Study reveals secrets behind ghost tour boom
As the number of ghost tours continues to increase across the UK, new research from Goldsmiths, University of London explains why they have become such a popular activity.
By making dark histories comedic, often encouraging participants to laugh about tragic and violent events, ghost tour guides help break down the taboo of death as a subject, researchers argue.
Anthropologists Dr Helen Cornish, Dr Gavin Weston and Dr Justin Woodman from Goldsmiths, with UEA’s Dr Natalie Djohari, took part in more than a dozen tours across York, London, Brighton and Edinburgh, collecting first-hand evidence to compare with existing writing on the subject.
They also explored the diverse styles of practice: whether tours were conducted by paranormal ‘experts’, actors, local historians, from the scripted to improvised, scholarly in approach or theatrical, on bus or foot, led or self-directed.
In a report soon to be published in the journal Urbanities - Journal of Urban Ethnography, they explain that through tales of death, a city’s history is brought to life, but in a way that is more entertaining than mournful because of the uncanny nature of ghosts.
As a particularly effective means of introducing a city’s history, ghost experiences also appeal to large numbers of non-believers because they still learn about a city and its history, while having fun. They are happy to sign up for a ghost tour rather than a history tour, because they want to be entertained.
Their research argues that it’s the mysterious, uncertain, nature of ghosts which allows tour guides to break social norms and turn tragic history into a high-spirited entertainment. It is a key reason that ghost tours, which are now so ubiquitous across UK cities that at least 30 run in London alone, are so different to other forms of dark tourism.
The study came about after one of the research team walked past a number of tours on their regular journey to and from York train station. Catching snippets from various guides, they admired the breadth of history being discussed: the story of a 1940s airman, anti-Catholic violence in Tudor times, Roman soldiers, Victorian industrialists, Guy Fawkes and more.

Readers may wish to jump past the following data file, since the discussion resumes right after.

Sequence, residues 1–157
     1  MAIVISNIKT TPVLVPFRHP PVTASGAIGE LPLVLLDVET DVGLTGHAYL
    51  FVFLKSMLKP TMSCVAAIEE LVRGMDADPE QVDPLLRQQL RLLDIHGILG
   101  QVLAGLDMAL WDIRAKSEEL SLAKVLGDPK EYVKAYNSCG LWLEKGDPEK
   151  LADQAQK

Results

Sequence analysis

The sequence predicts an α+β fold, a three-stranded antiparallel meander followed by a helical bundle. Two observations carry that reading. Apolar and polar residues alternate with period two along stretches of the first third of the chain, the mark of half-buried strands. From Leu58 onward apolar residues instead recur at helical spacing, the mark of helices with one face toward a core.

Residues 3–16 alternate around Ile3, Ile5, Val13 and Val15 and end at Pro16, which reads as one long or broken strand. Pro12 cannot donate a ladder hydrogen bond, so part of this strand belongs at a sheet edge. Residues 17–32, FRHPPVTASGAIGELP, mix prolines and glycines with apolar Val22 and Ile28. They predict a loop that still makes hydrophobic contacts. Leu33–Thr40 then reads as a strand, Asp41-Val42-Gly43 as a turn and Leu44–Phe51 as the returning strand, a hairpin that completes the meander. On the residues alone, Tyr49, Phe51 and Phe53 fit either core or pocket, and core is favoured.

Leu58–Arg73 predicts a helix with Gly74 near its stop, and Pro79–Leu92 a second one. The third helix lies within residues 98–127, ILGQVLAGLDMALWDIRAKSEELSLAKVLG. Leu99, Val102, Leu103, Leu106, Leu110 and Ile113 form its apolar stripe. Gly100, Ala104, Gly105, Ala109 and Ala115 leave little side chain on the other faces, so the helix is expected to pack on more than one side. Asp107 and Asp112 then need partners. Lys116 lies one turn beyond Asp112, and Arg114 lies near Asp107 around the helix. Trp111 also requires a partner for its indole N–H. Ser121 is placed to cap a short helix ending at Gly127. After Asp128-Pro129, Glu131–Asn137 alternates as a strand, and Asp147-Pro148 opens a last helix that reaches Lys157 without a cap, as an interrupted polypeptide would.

Dr Gavin Weston said: “Tourists are being exposed not only to tales of ghosts, but the historical context that invested the ghosts with meaning. Tourists get a sense of the city throughout its history in a way that residents rarely do.
“Ghost walks are spaces where taboos might be challenged out loud, in a similar way to comedy clubs. You can say darkly comedic things as a guide, and as a participant you are fully encouraged to essentially laugh in the face of death. We have even seen guides persuade participants to recreate violent incidents, but in a funny or ridiculous way.
“Even if the deaths being discussed are historically verifiable - they were real things that happened to real people - using the creepy lens of ghosts as a subject adds a paranormal distance or façade to death.
“It seems that the British spirit of ghost walks could even be considered therapeutic in helping us talk about and process violent pasts and help us talk about death and tragedy.”
The study also revealed an interesting trick of the trade, as one guide explained how he encouraged participants to believe in ghost sightings.
“One tour guide explained that supposed sightings were more convincing to his audience if he tells them that a child recently saw the ghost, because people assume that a child would lack the guile to lie,” Dr Weston said.
“On the other hand, the same guide suggested that other allegedly trustworthy witnesses of supernatural incidents include vicars, doctors, police officers, academics, and rather counter-intuitively, politicians!”
'Spectral cities: Death and living memories in the dark tourism of British ghost walks' by Gavin Weston, Justin Woodman, Helen Cornish and Natalie Djohari will be published in the November 2019 issue of the open-access journal Urbanities - Journal of Urban Ethnography.
Read the article 'Ghost stories can inspire teaching tricks' on the Times Higher Education website.